UPDATE (8:45 p.m. ET): According to wire reports, Benson was released from jail on Sunday following an arrest on an assault charge, the second year in a row he has gotten into trouble in his home state.

More details:
Travis County sheriff's spokesman Roger Wade said Benson was arrested in downtown Austin on a misdemeanor count of assault with bodily injury with family violence. Benson attorney Sam Bassett said in a statement the arrest followed "a conflict" between Benson and a male former roommate.

Wade said Benson posted a $10,000 bond and was released just before 2 p.m.

Bassett considers the "family violence" aspect of the charge erroneous "since the alleged male victim no longer is Mr. Benson's household member and was not a household member for the past few days." Conviction of assault with family violence would draw a stiffer penalty than simple assault.
The Bengals were predictably mum on the situation. "In cases like this, we don't feel it's appropriate to comment before there's some kind of legal resolution," team spokesman Jack Brennan said. 

Benson will be an unrestricted free agent in 2011 (assuming a reversion to old CBA rules), and there was a good chance that he could land a nice contract because of the market's demand for running backs.

Benson/Bengals Offseason

This arrest -- along with the fact that Benson has a previous assault charge from June 2010, in Austin -- won't do much to boost his value.

And depending on whether commissioner Roger Goodell and the league can enforce the personal conduct policy while the players are locked out, Benson could end up facing a suspension, something he miraculously avoided the last time he was arrested for assault.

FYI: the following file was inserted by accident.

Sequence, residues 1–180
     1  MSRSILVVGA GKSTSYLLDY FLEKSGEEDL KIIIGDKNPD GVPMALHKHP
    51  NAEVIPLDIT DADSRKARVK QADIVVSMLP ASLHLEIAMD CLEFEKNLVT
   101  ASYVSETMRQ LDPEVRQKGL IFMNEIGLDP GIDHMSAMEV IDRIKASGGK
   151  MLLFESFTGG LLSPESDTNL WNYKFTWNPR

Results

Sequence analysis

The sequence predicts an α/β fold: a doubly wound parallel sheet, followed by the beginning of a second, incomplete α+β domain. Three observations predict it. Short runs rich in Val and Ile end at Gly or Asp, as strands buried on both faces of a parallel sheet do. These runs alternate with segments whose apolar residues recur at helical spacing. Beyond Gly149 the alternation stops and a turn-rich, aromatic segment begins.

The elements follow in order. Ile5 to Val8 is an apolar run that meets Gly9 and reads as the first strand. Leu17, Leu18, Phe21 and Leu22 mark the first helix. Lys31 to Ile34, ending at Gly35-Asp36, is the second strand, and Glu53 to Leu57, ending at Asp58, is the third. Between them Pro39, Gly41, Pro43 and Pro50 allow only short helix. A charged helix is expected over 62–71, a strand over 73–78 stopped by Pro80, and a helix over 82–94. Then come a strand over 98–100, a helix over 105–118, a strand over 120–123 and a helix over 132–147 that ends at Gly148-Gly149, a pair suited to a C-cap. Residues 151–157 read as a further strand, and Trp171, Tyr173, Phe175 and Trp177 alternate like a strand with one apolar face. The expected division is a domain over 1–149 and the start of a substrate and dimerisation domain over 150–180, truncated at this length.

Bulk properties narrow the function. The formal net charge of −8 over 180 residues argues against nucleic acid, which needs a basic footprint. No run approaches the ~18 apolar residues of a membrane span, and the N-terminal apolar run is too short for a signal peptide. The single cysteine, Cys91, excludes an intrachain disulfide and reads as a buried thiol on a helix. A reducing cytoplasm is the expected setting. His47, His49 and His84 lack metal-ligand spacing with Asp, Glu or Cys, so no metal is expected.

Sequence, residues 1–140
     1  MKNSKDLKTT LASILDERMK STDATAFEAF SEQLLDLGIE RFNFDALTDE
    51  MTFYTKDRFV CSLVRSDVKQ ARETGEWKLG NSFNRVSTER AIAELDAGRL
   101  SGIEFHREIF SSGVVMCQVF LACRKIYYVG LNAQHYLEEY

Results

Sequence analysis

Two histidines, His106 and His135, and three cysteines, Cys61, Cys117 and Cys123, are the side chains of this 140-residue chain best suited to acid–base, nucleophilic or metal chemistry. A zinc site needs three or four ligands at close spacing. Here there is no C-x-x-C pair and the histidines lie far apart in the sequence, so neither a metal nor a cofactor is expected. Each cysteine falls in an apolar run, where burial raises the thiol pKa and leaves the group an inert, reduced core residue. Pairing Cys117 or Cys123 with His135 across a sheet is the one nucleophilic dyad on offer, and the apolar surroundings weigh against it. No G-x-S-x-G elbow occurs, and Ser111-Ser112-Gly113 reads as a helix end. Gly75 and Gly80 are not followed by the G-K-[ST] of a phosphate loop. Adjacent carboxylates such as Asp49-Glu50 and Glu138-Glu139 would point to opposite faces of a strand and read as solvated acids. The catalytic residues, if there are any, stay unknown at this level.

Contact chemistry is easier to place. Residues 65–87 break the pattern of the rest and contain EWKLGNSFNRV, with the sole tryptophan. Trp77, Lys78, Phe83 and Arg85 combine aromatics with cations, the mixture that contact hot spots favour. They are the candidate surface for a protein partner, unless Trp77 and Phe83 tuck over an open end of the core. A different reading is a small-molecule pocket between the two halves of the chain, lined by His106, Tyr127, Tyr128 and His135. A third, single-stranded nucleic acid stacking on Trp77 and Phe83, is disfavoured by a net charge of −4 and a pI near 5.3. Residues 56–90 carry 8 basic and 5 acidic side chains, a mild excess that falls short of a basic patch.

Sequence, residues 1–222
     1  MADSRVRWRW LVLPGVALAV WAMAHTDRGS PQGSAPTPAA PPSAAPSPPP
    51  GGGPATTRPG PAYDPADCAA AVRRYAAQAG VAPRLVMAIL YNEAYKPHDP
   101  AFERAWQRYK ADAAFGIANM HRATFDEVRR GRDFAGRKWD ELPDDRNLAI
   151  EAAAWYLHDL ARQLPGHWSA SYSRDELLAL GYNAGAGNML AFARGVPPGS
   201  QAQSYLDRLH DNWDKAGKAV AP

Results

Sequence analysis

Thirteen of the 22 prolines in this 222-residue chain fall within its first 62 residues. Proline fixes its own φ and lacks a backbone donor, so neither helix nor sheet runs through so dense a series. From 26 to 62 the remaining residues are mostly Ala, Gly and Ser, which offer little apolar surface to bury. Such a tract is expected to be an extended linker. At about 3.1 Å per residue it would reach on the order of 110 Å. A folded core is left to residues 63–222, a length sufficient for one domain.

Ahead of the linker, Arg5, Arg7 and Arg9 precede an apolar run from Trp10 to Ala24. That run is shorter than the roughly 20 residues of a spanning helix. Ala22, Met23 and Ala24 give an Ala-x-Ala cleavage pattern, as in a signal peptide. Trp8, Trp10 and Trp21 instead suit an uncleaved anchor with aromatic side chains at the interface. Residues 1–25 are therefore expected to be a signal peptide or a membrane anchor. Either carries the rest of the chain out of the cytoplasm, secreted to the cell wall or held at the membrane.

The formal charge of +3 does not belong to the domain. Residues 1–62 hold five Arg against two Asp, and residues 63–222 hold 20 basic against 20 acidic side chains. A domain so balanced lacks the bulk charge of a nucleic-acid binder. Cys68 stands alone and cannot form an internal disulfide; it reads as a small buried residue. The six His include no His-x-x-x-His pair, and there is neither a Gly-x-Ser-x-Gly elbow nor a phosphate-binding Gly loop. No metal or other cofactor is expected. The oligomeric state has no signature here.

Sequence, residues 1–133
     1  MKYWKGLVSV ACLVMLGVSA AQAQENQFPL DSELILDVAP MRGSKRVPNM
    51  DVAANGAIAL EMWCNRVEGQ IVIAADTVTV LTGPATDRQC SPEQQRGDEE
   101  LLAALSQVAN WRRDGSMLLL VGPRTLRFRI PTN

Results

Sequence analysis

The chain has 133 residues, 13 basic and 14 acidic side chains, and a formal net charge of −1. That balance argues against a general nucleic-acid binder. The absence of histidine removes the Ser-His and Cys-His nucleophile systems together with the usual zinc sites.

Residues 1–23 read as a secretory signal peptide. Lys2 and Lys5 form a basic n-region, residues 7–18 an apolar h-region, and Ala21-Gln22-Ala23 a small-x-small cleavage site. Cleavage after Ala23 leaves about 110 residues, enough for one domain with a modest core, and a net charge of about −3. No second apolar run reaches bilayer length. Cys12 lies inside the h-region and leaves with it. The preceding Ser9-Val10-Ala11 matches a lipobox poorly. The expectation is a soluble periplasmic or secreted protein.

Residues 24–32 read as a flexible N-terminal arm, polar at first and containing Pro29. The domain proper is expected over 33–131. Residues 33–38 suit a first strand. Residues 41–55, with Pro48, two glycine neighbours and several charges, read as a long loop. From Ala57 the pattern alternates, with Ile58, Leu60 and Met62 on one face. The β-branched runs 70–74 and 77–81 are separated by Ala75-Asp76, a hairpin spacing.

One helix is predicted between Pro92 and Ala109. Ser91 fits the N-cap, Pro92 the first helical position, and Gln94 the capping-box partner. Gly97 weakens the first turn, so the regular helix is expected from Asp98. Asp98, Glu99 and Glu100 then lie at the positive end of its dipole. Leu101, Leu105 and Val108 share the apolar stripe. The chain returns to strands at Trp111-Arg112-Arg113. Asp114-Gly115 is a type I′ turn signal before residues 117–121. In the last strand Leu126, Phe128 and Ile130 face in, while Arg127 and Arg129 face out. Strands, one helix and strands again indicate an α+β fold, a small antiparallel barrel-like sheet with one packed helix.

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Posted on: July 17, 2011 10:20 am
Edited on: July 17, 2011 10:35 am
 

'Nice market' in FA for Tarvaris Jackson?

Posted by Will Brinson

In Minnesota, Christian Ponder has become the unquestioned future at quarterback, and even if the Vikings end up pursuing and/or signing a veteran free agent, it will be in a "mentor" role.

What about the past, though?

We know Tarvaris Jackson isn't coming back to Minnesota, and we know that there's a need for quarterbacks around the NFL. But could there be a market for a guy like Jackson, who's got potential but has struggled so often to succeed at the NFL level?

Well, the NFL Network's Jason LaCanfora certainly thinks so and notes that he foresees "a nice market" for Jackson in free agency.

Specifically, LaCanfora cites the Redskins, the Seahawks and the Dolphins as "strong possibilities" to sign the former first-rounder.

Those teams make a lot of sense, too, because they've got uncertain quarterback situations with incumbent veterans that need to be pushed.